Boardman Glenwood takes advantage | News, Sports, Jobs
BOARDMAN – A trend has developed within Boardman Glenwood Junior High School over the past five years or so.
It all started with a group of STEM teachers who applied for grants, but now pretty much every subject has received a grant.
“We got over $ 60,000 in grants,” said Bart Smith, the school principal. “We were really lucky.
He has been with Glenwood for seven years and, as a proponent of hands-on learning, Smith said the grant process has gained momentum.
“We were able to animate our STEM lab, which then facilitated our Maker’s Space, which allowed our students to complete a wind turbine project,” Smith said.
There was a $ 26,000 grant for Project Stream, in which students will go out into the community with scientists working on real-world issues, such as stormwater drainage.
“The unique part of what we do with grants is that they relate directly to the growth of students,” Smith said. “We are able to teach our students not only academics, but we teach them how to have a sustainable environment for years to come.”
Funding helps ensure that projects are lessons for the betterment of students, the school or the community.
Superintendent Tim Saxton takes note of the grant applicants, who commend the staff for the engagement of the students.
“They find ways to engage students and their efforts have helped us make learning real and applicable in today’s world,” said Saxton.
A grant in recent years has helped students learn to make geographic maps using projections on a sandbox to show where and how water flows.
Virtual reality glasses allow students to travel around the world, throughout history. “It’s like you’re there,” Smith said.
“It takes education to the next level. It shows (the students) what’s out there when you’re able to do this, ”Smith said.
After establishing a process for the STEM curriculum, Smith said the Glenwood team decided to branch out.
“We thought, ‘OK, let’s do cross-cutting programs. Let’s think about how we can involve our children in many facets, ”Smith said.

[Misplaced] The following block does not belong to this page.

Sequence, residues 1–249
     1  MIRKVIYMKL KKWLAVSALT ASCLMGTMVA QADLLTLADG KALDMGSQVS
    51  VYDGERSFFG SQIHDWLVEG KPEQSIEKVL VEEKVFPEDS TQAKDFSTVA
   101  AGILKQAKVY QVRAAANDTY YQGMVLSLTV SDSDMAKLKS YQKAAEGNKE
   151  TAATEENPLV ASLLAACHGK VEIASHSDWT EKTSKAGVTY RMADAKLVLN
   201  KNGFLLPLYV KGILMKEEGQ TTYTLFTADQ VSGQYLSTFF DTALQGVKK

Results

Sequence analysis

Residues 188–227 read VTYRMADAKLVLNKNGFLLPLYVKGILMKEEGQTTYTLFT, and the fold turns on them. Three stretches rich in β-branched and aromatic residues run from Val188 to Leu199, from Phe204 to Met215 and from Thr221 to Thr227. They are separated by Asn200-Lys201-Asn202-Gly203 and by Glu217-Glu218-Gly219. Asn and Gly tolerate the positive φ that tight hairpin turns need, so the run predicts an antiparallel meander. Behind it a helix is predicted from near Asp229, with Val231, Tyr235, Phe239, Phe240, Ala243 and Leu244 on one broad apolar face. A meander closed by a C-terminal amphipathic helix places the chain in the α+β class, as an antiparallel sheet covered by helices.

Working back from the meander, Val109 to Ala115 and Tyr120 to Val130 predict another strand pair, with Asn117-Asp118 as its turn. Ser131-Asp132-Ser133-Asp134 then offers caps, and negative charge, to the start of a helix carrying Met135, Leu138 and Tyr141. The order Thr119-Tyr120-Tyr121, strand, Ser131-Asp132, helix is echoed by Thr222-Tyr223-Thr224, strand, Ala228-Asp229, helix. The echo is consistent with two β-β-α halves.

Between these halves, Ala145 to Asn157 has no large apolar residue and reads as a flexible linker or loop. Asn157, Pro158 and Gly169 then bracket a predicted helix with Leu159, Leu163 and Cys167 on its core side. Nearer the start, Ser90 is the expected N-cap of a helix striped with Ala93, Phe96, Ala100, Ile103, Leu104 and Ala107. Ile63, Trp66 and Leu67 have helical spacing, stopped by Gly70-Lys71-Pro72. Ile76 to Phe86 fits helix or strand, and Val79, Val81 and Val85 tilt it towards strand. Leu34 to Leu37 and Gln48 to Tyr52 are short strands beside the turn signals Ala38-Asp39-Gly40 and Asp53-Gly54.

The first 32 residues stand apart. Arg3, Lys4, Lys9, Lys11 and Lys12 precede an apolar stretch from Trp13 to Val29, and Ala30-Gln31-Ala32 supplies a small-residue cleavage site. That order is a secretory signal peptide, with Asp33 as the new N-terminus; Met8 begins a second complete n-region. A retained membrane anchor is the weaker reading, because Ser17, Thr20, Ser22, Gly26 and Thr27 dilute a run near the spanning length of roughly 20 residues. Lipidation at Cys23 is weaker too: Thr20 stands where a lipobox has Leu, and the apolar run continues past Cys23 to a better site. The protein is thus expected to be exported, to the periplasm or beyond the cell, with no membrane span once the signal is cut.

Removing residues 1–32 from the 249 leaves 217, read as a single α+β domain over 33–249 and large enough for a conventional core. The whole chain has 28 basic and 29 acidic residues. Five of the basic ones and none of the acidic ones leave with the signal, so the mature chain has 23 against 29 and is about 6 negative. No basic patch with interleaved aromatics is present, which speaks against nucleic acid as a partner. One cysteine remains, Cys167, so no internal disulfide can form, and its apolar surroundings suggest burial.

The science department, he said, is the most “passionate” science and education group he has ever met.
“They went above and beyond to secure grants to benefit students and the community,” Smith said.
In the art department, a grant of $ 700 has just been awarded to bring iPads and 3D pens to classes, Smith said.
“There is so much going on; it’s really exciting and fun, ”said Smith.
Glenwood teachers have even received grants to help students stay active. Students can track their heart rates using monitors in gym class, learn about cardiovascular health and exercise, Smith said.
Pupils in special education learn life skills through a program in which they make and sell hot chocolate and coffee.
Although it has not been opened due to COVID-19, it had previously been open for two years, with rave reviews.
“It was so nice to come in on Friday. You hear the music playing and you smell the coffee and hot chocolate, ”Smith said. Students take orders and manage transactions.
“All of these things make education fun,” Smith said.
The robust approach the Glenwood team took to grant applications made Saxton proud, and he said he appreciated the way teachers have turned to grants to enrich student education.
“I have always been impressed with the energy and creativity that the staff at Glenwood have shown in securing and securing grants to provide Glenwood with learning opportunities that we generally could not afford,” said Saxton. .
Other scholarships for Glenwood teachers include, but are not limited to: $ 5,000 for an outdoor classroom; $ 2,600 for the recent installation of a disc golf course used by the district and the community; $ 3,000 to paint the exterior of the building as part of a volunteer effort with the students; $ 3,500 for contactless water fountains; and $ 16,000 for a backyard composter.
“These are the things that keep the enthusiasm going. It’s fun, ”Smith said.